Johnson said the original vision to fill the lower sections with artisans was never realized. The restaurants basically footed the bill. Remodeling started from the beginning. Management continually wrestled with who to subsidize and how much—and how long with those that failed to pay their rent. The only remaining reduced rent artisan tenant is Artisans 21.

Johnson said the Harper Court Arts Council was formed in 1990 with bonds people turned in and said they wanted used to do nice or arts things in the neighborhood. The Council was also envisioned as the end point for the assets of Harper Court when the Court or Foundation someday ceased to function.
Johnson said the Court was built well and is still structurally sound and not settling. Almost all the windows are original, but single pane non-weatherproof. He said the plumbing and flooding are the most persistent problems. The buildings including electrical and plumbing would be very expensive to upgrade—the concrete was poured around the lines, and balconies did fail. Also, it would not easy to bring it to ADA compliance (which he characterized as rigid). He said complete ramping would make the lower spaces completely hidden and useless. Some ramps were added in the 1990s.He added that retail has changed and left these spaces behind, and the present businesses are highly dependent on the city lot being in operation.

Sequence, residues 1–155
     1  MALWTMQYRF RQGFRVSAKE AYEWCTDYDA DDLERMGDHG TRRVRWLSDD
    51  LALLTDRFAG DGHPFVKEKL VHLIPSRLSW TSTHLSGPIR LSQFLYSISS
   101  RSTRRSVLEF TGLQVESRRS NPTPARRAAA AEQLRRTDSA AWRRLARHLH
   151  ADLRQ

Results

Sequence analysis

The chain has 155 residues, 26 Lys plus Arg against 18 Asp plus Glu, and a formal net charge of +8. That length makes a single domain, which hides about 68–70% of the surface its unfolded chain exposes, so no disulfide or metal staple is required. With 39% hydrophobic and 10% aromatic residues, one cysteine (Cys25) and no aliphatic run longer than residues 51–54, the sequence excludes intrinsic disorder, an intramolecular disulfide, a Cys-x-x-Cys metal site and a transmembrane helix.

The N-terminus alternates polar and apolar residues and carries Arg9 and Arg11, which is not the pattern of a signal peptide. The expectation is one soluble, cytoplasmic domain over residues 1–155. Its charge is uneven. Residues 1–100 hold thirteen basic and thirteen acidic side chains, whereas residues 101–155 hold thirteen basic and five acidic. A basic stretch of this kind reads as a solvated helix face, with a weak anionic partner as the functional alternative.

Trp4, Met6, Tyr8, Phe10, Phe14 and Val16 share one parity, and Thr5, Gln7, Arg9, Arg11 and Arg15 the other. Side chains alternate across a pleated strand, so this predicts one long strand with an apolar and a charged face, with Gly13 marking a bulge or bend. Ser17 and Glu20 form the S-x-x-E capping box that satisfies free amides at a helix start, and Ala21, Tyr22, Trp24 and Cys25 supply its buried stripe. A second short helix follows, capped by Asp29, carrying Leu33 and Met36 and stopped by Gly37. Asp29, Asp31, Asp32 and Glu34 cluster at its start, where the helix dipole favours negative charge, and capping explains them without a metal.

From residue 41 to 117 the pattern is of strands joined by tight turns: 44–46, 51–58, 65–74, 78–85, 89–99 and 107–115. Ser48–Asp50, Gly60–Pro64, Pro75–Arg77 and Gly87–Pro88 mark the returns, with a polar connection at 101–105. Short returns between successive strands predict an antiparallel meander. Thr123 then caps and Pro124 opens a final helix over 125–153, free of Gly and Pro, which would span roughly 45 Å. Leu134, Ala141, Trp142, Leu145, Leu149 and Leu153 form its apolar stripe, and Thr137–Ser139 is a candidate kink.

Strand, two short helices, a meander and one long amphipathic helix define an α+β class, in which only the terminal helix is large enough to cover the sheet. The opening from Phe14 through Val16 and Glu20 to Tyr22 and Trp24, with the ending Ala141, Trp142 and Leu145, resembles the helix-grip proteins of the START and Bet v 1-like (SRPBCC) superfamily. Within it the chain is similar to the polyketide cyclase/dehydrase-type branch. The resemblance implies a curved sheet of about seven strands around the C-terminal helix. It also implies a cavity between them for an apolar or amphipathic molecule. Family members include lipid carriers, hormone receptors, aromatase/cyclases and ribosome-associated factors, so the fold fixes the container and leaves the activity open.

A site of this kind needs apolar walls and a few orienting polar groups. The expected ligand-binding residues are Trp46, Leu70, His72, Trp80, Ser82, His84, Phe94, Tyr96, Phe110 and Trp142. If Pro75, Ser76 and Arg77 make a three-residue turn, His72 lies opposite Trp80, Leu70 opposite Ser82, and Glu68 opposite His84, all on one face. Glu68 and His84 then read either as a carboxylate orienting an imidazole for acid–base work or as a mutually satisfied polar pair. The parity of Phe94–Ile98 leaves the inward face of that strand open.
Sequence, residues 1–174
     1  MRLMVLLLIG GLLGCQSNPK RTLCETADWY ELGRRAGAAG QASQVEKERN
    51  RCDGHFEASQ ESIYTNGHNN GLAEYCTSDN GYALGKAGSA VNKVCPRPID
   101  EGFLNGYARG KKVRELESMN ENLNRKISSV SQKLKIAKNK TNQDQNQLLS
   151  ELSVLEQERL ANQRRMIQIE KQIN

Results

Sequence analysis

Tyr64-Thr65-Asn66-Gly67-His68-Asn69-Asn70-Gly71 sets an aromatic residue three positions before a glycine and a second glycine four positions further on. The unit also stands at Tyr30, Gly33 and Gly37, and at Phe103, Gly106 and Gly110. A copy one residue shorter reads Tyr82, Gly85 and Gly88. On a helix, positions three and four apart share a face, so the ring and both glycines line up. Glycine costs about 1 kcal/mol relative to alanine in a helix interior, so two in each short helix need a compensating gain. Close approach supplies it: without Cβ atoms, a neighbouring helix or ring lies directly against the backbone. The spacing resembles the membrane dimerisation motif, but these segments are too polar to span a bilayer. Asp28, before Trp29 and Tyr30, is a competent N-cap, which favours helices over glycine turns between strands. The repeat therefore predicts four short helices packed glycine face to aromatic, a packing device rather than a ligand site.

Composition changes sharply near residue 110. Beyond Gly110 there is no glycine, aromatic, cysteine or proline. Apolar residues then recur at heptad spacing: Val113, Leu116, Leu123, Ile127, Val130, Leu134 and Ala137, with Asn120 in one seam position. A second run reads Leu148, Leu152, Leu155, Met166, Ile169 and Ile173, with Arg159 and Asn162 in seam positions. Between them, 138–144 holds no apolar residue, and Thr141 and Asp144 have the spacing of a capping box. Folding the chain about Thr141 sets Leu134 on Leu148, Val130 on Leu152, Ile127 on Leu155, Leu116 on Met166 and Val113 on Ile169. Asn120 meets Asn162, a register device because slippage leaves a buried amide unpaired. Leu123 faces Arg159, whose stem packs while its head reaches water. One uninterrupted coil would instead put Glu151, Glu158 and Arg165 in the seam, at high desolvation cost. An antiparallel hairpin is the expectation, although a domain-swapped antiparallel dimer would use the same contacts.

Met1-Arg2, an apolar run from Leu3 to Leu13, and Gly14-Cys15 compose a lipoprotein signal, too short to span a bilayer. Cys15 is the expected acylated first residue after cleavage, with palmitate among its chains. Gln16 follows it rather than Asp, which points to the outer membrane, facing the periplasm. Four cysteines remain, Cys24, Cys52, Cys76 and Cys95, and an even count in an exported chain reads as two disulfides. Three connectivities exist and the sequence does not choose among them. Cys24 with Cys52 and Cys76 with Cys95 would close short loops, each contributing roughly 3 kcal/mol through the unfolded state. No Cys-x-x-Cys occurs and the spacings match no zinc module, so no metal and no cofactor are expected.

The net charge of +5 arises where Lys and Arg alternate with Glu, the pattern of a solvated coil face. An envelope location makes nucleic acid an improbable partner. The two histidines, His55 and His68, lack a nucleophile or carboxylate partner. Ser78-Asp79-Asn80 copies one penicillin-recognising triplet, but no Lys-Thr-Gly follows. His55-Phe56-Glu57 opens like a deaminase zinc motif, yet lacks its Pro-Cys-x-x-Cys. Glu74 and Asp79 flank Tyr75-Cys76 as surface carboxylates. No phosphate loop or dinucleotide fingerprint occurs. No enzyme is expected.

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Hyde Park Herald summation and take, June 14 2006.

This was part of an article on a group seeking a new board of former tenants to run the center, in tune with original purpose and good business. By Tedd Carrison